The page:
Because this is a mostly middle-class country, why can’t we adjust school boundaries and provide transportation to let all low-income students have these role models and protectors?
People who ask that question get quizzical looks from self-important pundits like me. Don’t you remember the ’70s? We tried putting poor black kids into affluent white neighborhood schools and vice versa. It was a well-intentioned, disheartening failure. Voters rebelled against boundary changes and busing. Affluent parents abandoned socioeconomically integrated schools. Politicians local and national, Democratic and Republican, gave up on the idea.
But Kahlenberg hasn’t, and his point of view has made headway. In his new piece, “From All Walks of Life: New Hope for School Integration,” he describes a small but increasing number of successful experiments in socioeconomic balance. Skeptics like me should at least acknowledge that many affluent American parents want their children to mix with low-income students, so long as everyone is getting a challenging education.
I asked Kahlenberg how Washington area schools might move in this direction. In suburban districts such as Montgomery County, he said, “greater integration could be facilitated by creating whole school (as opposed to within-school) magnet programs to attract more affluent students into schools located in tougher neighborhoods. Likewise, money could be used to provide a financial bonus for wealthier schools to accept low-income student transfers.” School boundary adjustments could help. Local activists, and even D.C. Schools Chancellor Kaya Henderson, have shown interest in such approaches.
With socioeconomic integration still difficult to arrange, conscientious educators have tried instead to bring the habits and expectations of rich schools to poor ones. They hire only principals and teachers with high expectations for inner-city kids. They make the school day and year longer to compensate for the lack of middle-class enrichment at home. They insist on students obeying the same attendance and classroom behavior rules found in affluent schools. They prepare all students for college, as private schools do.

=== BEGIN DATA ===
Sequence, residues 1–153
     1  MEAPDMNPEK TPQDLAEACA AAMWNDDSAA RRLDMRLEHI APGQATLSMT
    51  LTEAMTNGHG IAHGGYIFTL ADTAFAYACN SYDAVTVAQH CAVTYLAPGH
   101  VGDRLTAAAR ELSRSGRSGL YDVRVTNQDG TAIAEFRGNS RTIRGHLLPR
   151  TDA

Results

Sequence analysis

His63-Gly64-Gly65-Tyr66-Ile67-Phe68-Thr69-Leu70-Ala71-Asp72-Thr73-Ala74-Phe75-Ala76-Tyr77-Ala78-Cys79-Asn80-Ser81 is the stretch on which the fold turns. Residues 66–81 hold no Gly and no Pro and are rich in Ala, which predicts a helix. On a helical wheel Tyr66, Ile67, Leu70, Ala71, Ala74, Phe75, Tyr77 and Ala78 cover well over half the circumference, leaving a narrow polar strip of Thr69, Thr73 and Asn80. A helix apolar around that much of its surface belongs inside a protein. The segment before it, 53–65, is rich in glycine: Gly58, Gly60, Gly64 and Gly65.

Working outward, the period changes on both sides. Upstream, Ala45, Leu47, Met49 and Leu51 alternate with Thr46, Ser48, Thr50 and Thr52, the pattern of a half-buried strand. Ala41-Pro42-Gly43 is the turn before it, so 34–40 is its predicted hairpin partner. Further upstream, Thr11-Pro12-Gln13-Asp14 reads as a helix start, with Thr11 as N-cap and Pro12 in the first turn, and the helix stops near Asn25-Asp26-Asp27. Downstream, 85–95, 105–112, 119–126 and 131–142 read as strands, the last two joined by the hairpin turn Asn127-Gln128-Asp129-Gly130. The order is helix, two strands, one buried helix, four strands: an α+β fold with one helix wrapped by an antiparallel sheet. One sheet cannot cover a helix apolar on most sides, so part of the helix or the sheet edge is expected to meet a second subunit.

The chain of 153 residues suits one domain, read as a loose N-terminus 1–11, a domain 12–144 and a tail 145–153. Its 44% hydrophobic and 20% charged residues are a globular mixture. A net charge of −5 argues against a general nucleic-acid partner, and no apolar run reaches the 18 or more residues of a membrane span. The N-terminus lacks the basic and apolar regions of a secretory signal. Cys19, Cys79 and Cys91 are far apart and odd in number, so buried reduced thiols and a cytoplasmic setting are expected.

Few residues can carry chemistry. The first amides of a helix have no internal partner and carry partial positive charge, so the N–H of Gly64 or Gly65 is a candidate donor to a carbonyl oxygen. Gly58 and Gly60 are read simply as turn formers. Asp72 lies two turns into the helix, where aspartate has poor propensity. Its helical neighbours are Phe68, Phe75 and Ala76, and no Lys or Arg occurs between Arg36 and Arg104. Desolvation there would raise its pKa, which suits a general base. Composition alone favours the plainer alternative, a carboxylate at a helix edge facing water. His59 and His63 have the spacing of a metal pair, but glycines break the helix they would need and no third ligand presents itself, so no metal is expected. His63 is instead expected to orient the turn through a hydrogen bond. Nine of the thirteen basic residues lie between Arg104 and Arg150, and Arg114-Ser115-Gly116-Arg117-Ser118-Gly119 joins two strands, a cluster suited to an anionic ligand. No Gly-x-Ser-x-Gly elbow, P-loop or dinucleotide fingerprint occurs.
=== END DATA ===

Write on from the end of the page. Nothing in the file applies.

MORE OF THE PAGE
They are, in essence, embracing Kahlenberg’s point, that middle-class values produce better students. So I think Kahlenberg wastes time in his piece casting doubt on the achievement gains in such schools. He is irked by the good publicity received by the KIPP charter school network, a favorite of mine. KIPP is not perfect, but many researchers have verified its progress, and Kahlenberg’s arguments are weakened by old data and unexamined assumptions.
He is much better highlighting the growth of socioeconomic integration. When he started work on his 2001 landmark book, “All Together Now,” there was only one district, with 8,000 students, using that approach. Now, there are 80 districts, with 4 million students. Wake County, in North Carolina, which briefly abandoned its experiment, has returned to socioeconomic integration because parents refused to let it go.
Teachers having success in schools without socioeconomic integration are rooting for Kahlenberg, as am I. We should pursue every possible way to help poor kids learn, including Kahlenberg’s enlightened explanations of how to give our schools a better mix of family incomes.
To read previous columns, go to washingtonpost.com/jaymathews.